David S. Bernstein
David S. Bernstein is an award-winning journalist with more than 25 years experience reporting, analyzing, and commenting on politics, public policy, and a range of topics. He has been a WGBH News columnist and contributor since 2013.
Bernstein's Talking Politics column for WGBH News regularly breaks new stories, and provides unique analysis, about politics and policy relevant to Bostonians--whether the action takes place in City Hall, at the State House, around New England, in the halls of Washington, or across the country.
The column is followed closely by those on the inside of Massachusetts politics, and by more than 30,000 followers on social media. The reach of Bernstein's Twitter presence led the Boston Globe, using an algorithm developed by former Harvard researchers, to rank him as the single most influential media figure in state politics on that platform, during the 2014 election cycle.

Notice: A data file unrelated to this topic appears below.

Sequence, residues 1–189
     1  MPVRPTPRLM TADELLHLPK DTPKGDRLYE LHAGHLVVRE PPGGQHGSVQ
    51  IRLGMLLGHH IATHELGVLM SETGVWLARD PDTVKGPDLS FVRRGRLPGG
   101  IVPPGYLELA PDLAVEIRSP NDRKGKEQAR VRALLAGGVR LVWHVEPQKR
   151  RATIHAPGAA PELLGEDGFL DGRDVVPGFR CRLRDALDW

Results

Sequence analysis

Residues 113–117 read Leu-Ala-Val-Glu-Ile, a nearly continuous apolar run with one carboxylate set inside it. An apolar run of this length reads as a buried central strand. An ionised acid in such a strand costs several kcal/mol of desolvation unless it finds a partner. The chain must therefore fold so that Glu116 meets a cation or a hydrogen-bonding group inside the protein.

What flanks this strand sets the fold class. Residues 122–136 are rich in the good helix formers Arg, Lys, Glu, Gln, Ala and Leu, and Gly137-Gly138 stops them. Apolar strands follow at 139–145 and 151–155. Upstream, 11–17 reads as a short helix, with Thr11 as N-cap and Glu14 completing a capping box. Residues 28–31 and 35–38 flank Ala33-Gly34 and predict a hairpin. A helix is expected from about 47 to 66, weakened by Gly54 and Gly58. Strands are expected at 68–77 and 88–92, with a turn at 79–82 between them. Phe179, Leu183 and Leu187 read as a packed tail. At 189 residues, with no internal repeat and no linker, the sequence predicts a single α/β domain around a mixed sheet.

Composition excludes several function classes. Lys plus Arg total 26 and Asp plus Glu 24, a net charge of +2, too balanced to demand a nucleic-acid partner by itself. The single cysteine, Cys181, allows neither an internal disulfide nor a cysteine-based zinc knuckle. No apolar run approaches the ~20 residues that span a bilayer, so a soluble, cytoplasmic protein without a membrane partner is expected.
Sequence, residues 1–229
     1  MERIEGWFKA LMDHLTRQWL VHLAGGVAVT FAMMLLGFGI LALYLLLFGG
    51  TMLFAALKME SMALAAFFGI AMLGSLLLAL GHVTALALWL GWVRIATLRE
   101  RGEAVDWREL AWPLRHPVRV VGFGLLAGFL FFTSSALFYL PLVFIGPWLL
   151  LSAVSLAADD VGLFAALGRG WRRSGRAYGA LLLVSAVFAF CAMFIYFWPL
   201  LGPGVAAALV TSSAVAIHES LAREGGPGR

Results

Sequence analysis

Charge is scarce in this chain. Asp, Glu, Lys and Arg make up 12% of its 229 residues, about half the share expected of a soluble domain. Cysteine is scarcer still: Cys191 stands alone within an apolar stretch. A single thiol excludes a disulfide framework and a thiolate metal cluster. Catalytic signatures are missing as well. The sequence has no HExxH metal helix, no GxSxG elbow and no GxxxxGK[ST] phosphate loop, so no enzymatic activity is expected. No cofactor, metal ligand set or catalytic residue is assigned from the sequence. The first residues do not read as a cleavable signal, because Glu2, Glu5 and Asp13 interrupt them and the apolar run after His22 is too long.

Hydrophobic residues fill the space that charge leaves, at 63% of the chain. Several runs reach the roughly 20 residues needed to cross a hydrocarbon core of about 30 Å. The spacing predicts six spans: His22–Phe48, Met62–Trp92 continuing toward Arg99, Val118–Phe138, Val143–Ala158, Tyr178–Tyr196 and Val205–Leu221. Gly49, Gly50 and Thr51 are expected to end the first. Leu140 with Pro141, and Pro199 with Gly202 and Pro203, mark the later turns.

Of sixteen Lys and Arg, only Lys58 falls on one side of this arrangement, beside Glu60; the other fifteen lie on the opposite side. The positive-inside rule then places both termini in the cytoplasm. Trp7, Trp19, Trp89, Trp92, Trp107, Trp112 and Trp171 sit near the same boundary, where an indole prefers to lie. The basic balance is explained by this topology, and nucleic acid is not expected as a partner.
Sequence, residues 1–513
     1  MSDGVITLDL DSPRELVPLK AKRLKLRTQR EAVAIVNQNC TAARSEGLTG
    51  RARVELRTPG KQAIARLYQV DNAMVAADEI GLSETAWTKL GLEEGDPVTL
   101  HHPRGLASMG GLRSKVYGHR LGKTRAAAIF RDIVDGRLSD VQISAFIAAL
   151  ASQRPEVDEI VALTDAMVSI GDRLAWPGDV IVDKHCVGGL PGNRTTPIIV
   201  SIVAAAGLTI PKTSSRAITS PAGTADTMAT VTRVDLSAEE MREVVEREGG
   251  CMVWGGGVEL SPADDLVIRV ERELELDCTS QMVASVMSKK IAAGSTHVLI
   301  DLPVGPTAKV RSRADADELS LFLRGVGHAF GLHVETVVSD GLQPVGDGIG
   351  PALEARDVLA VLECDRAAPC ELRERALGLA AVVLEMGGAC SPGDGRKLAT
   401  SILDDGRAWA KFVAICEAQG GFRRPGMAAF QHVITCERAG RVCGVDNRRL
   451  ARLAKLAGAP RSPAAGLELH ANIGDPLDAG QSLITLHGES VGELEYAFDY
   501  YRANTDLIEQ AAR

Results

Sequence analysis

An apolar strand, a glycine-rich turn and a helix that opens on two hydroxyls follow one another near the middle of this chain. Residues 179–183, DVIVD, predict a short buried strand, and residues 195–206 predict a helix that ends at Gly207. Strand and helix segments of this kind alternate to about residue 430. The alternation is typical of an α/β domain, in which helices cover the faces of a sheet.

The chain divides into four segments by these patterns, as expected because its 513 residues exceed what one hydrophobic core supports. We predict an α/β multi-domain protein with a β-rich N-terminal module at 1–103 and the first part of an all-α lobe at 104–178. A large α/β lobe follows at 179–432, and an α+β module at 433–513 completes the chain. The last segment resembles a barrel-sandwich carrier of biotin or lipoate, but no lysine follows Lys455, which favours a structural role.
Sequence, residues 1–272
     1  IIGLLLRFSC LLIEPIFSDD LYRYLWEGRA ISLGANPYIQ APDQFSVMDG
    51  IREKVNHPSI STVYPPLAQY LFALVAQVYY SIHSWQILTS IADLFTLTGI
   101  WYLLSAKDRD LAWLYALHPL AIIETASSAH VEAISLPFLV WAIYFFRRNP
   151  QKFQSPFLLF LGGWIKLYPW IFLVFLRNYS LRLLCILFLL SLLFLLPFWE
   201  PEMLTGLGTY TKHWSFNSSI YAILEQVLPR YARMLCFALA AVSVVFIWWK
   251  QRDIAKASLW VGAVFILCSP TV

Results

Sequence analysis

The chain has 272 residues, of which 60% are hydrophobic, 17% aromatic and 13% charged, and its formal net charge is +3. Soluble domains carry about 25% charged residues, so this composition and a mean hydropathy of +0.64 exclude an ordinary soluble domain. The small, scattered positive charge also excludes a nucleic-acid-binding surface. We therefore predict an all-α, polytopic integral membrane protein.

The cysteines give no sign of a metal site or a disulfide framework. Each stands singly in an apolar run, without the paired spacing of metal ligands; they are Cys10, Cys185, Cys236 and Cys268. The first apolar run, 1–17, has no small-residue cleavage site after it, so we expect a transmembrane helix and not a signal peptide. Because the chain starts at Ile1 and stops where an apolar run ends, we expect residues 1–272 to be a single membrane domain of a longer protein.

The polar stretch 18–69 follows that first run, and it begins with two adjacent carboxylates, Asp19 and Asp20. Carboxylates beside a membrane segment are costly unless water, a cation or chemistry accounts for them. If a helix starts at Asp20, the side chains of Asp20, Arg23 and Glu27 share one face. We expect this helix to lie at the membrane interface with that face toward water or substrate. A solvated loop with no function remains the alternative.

His awards include Journalist Of The Year from the New England Press Association, and Excellence In Criminal Justice Reporting from John Jay College of Criminal Justice. He has appeared multiple times on CNN and MSNBC, among other networks, providing political analysis.
New Backroom Muscle: Women Manage Winning Campaigns Throughout Mass. And N.H.The Democratic "Year Of Women" extends deep behind the scenes.
The Next 3 Days: What's At Stake In The N.H., R.I., And N.Y. PrimariesAmong Democrats, it's insurgents versus regulars; among Republicans, how Trumpian can you be?
Before Arroyo, A #Metoo Moment Tested Walsh, Koh At Boston City HallWith one lawsuit pending, an earlier case comes to light.
Candidates Of Color Break New Ground In The Contest For Campaign CashThe trend could recast the complexion of the political establishment in Boston and Massachusetts in the coming years
Henning Has A Plan To Solve More ShootingsThe DA candidate thinks a special, targeted unit can orchestrate efforts to arrest more shooters.
William Gross And Mayor Walsh's 2nd Term TeamThe philosophy — 'If it it's not broke, don't fix it' — is defensible. But is it sufficient?